MASSAC COUNTY, IL — A 15-year-old girl took her own life. A day after her funeral, her dad is talking about mental health and suicide prevention.
“She fought a battle with a very silent, evil disease that I don’t know very much about except that it’s evil and it took my child way too soon,” said Tom Johnson, father of Alydia.
Alydia killed herself on April 10, 2019. Family and friends said goodbye at her funeral on April 16.
Suicide is the second leading cause of death for teens and young adults in Kentucky, Tennessee and Missouri. In Illinois, it’s third.
Alydia’s family wants to share their story in hopes of stopping this from happening to your family.
“Alydia was definitely into art. She had a beautiful voice, loved her guitar,” said her grandmother, Wanda Johnson.
She kept all her granddaughter’s artwork. “She found this not too long ago and said ‘Grandma, you still have this?’ I said ‘Yes, I still have this.’ I wouldn’t have thrown it away for anything, because it’s a part of her,” Wanda said. “Now I’m glad I did. I have all kinds of memories.”
“She’s always been a very happy girl,” said Tom. “About a year ago, she started having some problems with depression.” He says Alydia was getting help with a counselor and medication, but then that stopped.
She lived with her mom in St. Louis. A week ago, he went to visit and take her out to dinner. He dropped Alydia off with her mom and headed back to Illinois where he lives.
“I had just gotten into town when I got a call from her step-dad saying I need to turn around and come back. So I do a U-turn and give her a call. He tells me that she has hung herself,” Tom said. “I ask him ‘Is she alive?’ He says ‘No, I don’t think so.'”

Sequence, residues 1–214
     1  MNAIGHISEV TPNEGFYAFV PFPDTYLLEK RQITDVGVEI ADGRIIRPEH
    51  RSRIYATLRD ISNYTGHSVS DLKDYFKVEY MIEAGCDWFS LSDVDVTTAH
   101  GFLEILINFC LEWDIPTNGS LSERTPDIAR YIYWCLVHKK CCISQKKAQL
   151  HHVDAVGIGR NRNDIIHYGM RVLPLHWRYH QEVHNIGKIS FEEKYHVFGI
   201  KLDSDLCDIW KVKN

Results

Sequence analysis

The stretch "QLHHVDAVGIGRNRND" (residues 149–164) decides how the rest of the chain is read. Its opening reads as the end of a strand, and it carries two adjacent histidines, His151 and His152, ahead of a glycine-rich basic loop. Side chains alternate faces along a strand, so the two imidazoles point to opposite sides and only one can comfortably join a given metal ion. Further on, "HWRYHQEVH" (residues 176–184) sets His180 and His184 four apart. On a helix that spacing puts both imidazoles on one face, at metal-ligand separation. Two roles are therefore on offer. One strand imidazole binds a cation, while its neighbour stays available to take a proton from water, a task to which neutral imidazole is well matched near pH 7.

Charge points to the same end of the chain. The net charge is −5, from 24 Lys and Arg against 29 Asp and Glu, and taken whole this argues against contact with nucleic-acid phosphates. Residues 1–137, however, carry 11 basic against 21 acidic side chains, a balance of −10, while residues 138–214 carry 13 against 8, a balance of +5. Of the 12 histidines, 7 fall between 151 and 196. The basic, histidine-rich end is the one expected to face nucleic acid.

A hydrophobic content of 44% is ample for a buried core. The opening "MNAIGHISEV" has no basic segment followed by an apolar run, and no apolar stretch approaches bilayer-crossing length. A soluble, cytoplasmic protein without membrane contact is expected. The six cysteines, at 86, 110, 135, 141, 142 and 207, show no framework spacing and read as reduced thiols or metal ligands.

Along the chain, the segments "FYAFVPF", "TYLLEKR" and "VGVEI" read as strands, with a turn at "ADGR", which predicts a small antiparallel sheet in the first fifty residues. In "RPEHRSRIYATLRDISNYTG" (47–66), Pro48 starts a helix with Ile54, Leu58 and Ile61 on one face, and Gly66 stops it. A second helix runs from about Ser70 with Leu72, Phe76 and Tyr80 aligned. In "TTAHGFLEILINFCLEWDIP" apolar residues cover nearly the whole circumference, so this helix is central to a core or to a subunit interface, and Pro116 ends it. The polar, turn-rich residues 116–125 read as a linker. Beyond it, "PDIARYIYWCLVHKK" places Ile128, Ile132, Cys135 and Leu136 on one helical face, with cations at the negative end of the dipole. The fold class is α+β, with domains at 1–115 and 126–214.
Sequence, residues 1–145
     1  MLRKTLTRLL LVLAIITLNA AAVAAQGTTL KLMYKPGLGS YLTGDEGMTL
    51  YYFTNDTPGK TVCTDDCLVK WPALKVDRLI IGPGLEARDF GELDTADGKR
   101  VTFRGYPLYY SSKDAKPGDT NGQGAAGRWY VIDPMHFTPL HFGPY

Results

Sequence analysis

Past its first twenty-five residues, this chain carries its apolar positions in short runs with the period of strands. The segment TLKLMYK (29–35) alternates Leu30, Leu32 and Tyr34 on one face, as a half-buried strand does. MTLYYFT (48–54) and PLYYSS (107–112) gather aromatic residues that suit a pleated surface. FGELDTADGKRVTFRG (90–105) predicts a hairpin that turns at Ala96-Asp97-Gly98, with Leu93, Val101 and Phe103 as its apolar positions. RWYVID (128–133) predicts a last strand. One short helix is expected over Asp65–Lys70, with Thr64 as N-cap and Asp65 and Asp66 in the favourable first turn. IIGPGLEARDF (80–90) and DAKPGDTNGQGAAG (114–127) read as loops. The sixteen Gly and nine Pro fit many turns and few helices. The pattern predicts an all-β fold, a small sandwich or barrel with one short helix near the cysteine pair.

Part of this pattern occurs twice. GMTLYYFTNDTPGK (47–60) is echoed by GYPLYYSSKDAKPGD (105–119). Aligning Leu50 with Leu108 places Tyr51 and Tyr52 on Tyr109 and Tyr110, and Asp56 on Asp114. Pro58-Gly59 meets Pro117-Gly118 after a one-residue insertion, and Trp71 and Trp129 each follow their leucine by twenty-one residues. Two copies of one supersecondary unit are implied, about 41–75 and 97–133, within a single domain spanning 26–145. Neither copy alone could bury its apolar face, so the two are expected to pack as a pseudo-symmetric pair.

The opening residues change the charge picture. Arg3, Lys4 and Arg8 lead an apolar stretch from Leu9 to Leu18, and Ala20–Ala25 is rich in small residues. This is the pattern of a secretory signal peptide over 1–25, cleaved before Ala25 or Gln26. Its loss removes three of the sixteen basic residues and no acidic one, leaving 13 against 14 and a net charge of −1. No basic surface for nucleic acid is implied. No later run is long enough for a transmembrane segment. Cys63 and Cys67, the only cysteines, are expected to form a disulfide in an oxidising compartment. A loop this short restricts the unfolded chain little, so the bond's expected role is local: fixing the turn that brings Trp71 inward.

Doctors found a pulse, but she was braindead.
The family had to make a decision. They chose to donate her organs.
Her mom, Emmy Hamlin, shared a video on Facebook of the organ donor thank you walk — one of their last moments with Alydia.
“We were praying for a miracle. We didn’t get the miracle that we asked for, but the miracle that we received was that she was able to save four people’s lives,” Tom said.
He’s leaning on his family to get him through this. “I go between being very sad and numb. When I’m numb, I feel guilty about not being very sad,” he said.
He said he didn’t see any warning signs, so he is letting his daughter’s life and death be the warning for others.
Alydia’s liver went to a 61-year-old man. Both of her kidneys went to two 58-year-old men. Her heart went to another 15-year-old girl.
There will be a memorial service for Alydia starting at 11 a.m. Saturday, April 20, at Zion United Church of Christ in Metropolis, Illinois.
If you or someone you know needs help, please call the National Suicide Prevention Hotline at 1-800-273-8255.
Certified prevention specialist Samantha Powell said the best thing you can do is talk about it. “We’re not afraid to talk about our physical health. You know, we have a stomach ache or a headache, and we talk about it. That’s just our culture. We just don’t talk about it. We are just losing too many people to suicide, so we need to start talking about it,” Powell said.
There is a suicide prevention class for parents on Thursday at the Marshall County School Board office. You can register online beforehand here.
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